Tuesday, 22 May 2012 18:22

Argentina

While there is some wine production in the provinces of Buenos Aires, Cordoba, and La Pampa,  the vast majority of wine production takes place in the far western expanse of Argentina leading up to the foothills of the Andes. The Mendoza region is the largest region and the leading producer, responsible for more than two-thirds of the country's yearly production, followed by the San Juan and La Rioja regions to the north.

In the far northeastern corner of the country are the provinces of Catamarca, Jujuy  and Salta which includes some of the world's highest planted vineyards. In the southern region of Patagonia, the Río Negro and Neuquén provinces have traditionally been the fruit producing centers of the country but have recently seen growth in the planting of cool climate varietals such as Chardonnay and Pinot noir. 

Due to the high altitude and low humidity of the main wine producing regions, Argentine vinyards rarely face the problems of insects, fungi, molds and other grape diseases that affect vineyards in other countries. This allows cultivating with little or no pesticides, enabling even organic to be easily produced.

There are many different varieties of grapes cultivated in Argentina, reflecting her many immigrant groups. The  French brought Malbec, which makes most of Argentina's best known wines. The Italians brought vines that they called Bonarda  although Argentine Bonarda appears to be the Corbeau of Savoie  also known as Charbono in California which may be related to Dolcetto.

While the historic birthplace of Malbec is Southwest France,  it is in Argentina where the grape receives most of it notoriety. The grape clusters of Argentine Malbec are different from its French relatives; they have smaller berries in tighter, smaller clusters. Malbec wine is characterized by deep color and intense fruity flavors with a velvety texture. As of 2003 there were over 50,000 acres (20,000 hectares) of Malbec.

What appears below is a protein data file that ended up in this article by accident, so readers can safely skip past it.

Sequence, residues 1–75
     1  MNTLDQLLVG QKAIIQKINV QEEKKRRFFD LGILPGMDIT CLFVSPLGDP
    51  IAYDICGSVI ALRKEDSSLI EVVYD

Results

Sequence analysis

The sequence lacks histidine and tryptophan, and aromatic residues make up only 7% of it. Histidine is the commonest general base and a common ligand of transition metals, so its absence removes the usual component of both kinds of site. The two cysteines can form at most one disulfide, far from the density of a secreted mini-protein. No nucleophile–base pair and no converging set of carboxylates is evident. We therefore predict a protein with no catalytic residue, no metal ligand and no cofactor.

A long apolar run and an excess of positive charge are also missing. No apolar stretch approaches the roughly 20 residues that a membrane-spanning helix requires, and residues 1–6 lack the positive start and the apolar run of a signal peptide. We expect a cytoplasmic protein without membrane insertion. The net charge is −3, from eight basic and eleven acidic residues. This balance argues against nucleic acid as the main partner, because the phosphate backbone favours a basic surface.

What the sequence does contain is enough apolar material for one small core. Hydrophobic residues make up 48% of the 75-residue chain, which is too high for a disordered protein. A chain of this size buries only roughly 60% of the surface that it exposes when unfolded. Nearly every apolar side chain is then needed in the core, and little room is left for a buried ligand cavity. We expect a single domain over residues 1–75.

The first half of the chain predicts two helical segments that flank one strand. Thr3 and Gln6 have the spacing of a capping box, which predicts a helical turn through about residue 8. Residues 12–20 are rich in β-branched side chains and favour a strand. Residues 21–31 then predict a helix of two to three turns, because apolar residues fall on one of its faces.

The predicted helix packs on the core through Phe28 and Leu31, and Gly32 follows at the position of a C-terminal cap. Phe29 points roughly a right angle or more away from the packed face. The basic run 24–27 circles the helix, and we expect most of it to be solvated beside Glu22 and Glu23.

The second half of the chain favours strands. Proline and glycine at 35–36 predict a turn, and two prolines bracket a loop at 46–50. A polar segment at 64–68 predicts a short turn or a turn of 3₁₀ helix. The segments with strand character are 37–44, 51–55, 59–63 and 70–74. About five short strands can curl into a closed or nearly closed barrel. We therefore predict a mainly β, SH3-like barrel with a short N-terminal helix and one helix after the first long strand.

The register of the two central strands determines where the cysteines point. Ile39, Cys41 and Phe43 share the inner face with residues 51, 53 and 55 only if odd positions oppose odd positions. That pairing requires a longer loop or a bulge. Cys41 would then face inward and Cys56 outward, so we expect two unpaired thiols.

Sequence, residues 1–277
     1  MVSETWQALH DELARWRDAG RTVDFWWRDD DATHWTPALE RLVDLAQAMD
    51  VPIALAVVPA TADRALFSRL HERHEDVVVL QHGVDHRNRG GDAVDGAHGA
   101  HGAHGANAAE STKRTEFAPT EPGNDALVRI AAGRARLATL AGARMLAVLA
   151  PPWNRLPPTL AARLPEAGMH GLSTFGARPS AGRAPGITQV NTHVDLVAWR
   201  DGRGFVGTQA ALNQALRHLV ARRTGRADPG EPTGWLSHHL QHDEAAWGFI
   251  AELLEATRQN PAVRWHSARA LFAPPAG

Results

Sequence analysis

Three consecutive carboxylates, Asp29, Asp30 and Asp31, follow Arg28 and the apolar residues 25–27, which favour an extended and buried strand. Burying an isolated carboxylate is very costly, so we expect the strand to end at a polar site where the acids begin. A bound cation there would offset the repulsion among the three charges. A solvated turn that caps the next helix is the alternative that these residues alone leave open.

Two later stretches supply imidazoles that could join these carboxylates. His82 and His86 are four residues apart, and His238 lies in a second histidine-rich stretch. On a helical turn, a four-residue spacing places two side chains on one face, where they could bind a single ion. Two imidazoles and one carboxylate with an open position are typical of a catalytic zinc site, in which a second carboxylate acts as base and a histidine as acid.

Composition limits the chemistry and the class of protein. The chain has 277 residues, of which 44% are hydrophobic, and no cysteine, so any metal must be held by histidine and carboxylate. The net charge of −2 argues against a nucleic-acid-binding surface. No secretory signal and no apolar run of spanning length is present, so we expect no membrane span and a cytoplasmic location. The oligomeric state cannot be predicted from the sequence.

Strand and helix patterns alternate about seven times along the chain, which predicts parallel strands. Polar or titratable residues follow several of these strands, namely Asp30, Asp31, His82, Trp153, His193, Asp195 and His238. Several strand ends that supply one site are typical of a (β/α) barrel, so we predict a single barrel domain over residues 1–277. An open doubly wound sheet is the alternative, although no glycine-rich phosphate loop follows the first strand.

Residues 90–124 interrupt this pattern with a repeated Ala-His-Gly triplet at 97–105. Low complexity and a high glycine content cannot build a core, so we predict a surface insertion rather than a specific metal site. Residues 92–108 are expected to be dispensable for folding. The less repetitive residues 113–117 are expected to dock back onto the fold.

The Pedro Gimenez grape (a different but perhaps closely related relative of Spain's  Pedro Ximenez) is the most widely planted white grape varietal with more than 36,300 acres (14,700 hectares) planted primarily in the Mendoza and San Juan region. The grape is known for its fully bodied wines with high alcohol levels and is also used to produce grape concentrate.

Argentina’s most highly rated Malbec wines originate from Mendoza’s high altitude wine regions of Lujan de Cuyo and the Uco Valley. These Districts are located in the foothills of the Andes mountains between 2,800 and 5,000 feet elevation.

Argentine vintner Nicolas Catena Zapata has been widely credited for elevating the status of Argentine Malbec and the Mendoza region through serious experimentation into the effects of high altitude. In 1994, he was the first to plant a Malbec vineyard at almost 5,000 feet elevation in the Gualtallary sub-district of Tupungato, the Adrianna Vineyard, and to develop a clonal selection of Argentine Malbec. High altitude Mendoza has attracted many notable foreign winemakers such as Paul Hobbs, Michel Rolland, Roberto Cipresso, and Alberto Antonini.(Source: Wikipedia, Food and Wine's Wine Guide, 2012)

 Enjoy this 2014 student documentary on the Argentine wine industry. 

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